The movement operates at a slower 18,000 bph, which is something you can view in the balance wheel on the back of the watch. Look closely, and you’ll notice the really cool detailing of the balance wheel bridge. Isn’t that cool? On the front of the watch are two other stacked balance wheel-style components and what looks to be a massive escapement. All of this is a special invention by Emmanuel Bouchet that is, in a sense, a super-slowed-down regulation system that moves once each 15 seconds.
Thus, power accumulates and releases each 15 seconds to move the parts on the dial as well as the hour and minute indicator hands. Reading the minutes is a bit tricky but makes sense after getting the hang of it, and I like that you don’t need to wait a full minute to see anything move, but rather, just 15 seconds.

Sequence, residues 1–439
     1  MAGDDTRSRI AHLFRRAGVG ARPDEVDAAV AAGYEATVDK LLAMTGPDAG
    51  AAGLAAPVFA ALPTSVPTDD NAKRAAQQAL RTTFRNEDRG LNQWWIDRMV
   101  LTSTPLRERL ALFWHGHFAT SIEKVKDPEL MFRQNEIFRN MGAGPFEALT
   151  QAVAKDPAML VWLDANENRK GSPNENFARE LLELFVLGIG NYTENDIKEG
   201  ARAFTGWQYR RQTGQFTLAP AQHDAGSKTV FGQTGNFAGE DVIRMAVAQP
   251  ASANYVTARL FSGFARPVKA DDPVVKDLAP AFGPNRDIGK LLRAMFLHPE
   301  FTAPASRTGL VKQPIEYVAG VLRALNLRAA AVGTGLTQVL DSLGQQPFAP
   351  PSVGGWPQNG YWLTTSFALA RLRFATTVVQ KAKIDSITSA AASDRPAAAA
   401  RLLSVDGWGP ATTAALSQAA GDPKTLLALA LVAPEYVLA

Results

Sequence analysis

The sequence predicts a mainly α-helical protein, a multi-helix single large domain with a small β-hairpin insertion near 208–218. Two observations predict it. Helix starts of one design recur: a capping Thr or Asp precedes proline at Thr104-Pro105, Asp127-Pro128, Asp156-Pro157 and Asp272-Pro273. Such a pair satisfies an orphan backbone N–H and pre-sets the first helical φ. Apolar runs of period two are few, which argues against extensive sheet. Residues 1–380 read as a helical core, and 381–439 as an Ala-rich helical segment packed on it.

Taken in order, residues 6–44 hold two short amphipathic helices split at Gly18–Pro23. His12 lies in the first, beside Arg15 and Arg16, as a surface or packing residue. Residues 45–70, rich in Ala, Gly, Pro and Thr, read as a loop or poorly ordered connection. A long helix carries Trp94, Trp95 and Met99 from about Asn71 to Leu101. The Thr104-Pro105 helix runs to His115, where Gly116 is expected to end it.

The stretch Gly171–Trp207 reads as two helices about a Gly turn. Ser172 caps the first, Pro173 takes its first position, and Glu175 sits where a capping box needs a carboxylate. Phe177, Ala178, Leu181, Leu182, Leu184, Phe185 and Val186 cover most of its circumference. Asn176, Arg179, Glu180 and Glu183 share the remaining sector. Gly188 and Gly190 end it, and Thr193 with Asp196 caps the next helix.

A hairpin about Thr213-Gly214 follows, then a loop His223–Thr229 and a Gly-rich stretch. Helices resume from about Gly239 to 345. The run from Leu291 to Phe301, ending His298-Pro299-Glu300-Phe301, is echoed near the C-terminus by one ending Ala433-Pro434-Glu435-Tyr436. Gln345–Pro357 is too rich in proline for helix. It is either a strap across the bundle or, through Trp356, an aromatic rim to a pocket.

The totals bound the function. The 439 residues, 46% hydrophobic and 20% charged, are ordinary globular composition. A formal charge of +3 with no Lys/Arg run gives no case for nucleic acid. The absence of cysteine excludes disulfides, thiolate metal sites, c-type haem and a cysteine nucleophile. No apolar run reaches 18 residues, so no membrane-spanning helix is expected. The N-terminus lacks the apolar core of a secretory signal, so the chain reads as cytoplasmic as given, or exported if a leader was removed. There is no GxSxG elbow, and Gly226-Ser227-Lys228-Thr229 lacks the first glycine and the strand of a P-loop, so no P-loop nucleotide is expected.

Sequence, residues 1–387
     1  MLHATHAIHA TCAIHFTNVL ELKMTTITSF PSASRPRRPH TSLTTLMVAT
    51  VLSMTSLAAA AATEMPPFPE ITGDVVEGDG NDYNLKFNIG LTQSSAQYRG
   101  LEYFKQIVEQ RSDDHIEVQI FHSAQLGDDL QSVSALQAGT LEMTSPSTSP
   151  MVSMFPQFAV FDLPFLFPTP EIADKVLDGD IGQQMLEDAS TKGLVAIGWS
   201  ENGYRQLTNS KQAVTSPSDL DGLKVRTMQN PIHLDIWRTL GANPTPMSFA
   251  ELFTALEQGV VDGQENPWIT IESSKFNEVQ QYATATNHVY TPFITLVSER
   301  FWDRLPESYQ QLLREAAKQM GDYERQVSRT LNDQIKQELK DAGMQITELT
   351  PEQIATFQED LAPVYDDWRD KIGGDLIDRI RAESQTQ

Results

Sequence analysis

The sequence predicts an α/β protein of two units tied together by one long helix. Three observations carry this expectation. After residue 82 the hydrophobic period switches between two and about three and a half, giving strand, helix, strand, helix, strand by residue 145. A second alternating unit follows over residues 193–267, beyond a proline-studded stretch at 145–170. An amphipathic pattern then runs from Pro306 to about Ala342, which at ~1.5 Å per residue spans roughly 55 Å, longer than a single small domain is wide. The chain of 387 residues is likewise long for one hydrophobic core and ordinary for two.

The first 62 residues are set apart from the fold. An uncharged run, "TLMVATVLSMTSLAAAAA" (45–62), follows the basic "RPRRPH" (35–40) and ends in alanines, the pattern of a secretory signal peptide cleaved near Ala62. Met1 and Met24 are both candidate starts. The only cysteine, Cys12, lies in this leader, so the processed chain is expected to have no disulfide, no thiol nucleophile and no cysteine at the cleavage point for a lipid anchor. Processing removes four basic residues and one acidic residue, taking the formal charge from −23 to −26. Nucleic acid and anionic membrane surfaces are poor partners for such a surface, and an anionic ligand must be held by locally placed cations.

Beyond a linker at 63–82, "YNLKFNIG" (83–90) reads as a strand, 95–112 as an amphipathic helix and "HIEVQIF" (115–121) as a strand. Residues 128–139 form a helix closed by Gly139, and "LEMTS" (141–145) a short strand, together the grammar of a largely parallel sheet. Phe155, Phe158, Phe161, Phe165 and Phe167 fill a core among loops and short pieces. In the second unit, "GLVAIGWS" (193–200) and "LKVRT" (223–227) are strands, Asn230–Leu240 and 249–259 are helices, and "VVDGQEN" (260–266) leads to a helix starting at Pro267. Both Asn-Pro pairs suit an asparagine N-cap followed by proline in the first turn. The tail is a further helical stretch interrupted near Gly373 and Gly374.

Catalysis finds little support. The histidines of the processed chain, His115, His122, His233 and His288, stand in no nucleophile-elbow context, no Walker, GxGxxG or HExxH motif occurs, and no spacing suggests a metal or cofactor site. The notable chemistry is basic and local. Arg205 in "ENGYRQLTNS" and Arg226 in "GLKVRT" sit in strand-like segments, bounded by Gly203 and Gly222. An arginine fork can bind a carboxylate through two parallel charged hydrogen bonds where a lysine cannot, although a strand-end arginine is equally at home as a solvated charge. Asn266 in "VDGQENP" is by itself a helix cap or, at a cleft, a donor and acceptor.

Legibility isn’t terrible, in theory, but the smaller dials and skeletonized “everything” makes reading the hands a bit more challenging. That’s sort of a tradeoff, given the severe uniqueness of the how everything is displayed and arranged on the dial of the Emmanuel Bouchet Complication One. I would say that at the end of the day, Emmanuel Bouchet delivers on his promise to create something immediately eye-catching, novel, and complicated.
The question, of course, is whether watch collectors will bite. Even at its lowest price, the Emmanuel Bouchet Complication One timepiece is a hair under $100,000. Emmanuel Bouchet as a brand needs to first convince watch buyers that the man Emmanuel Bouchet is worth investing in, and second, that the Emmanuel Bouchet Complication One is a timepiece worth its price in novelty and engineering value. I will say that as avant-garde as the design and presentation of the EB-1963 movement is, Emmanuel Bouchet does a huge number of things correctly in the Emmanuel Bouchet Complication One watch that enthusiasts will be able to quickly appreciate and that other brands should emulate.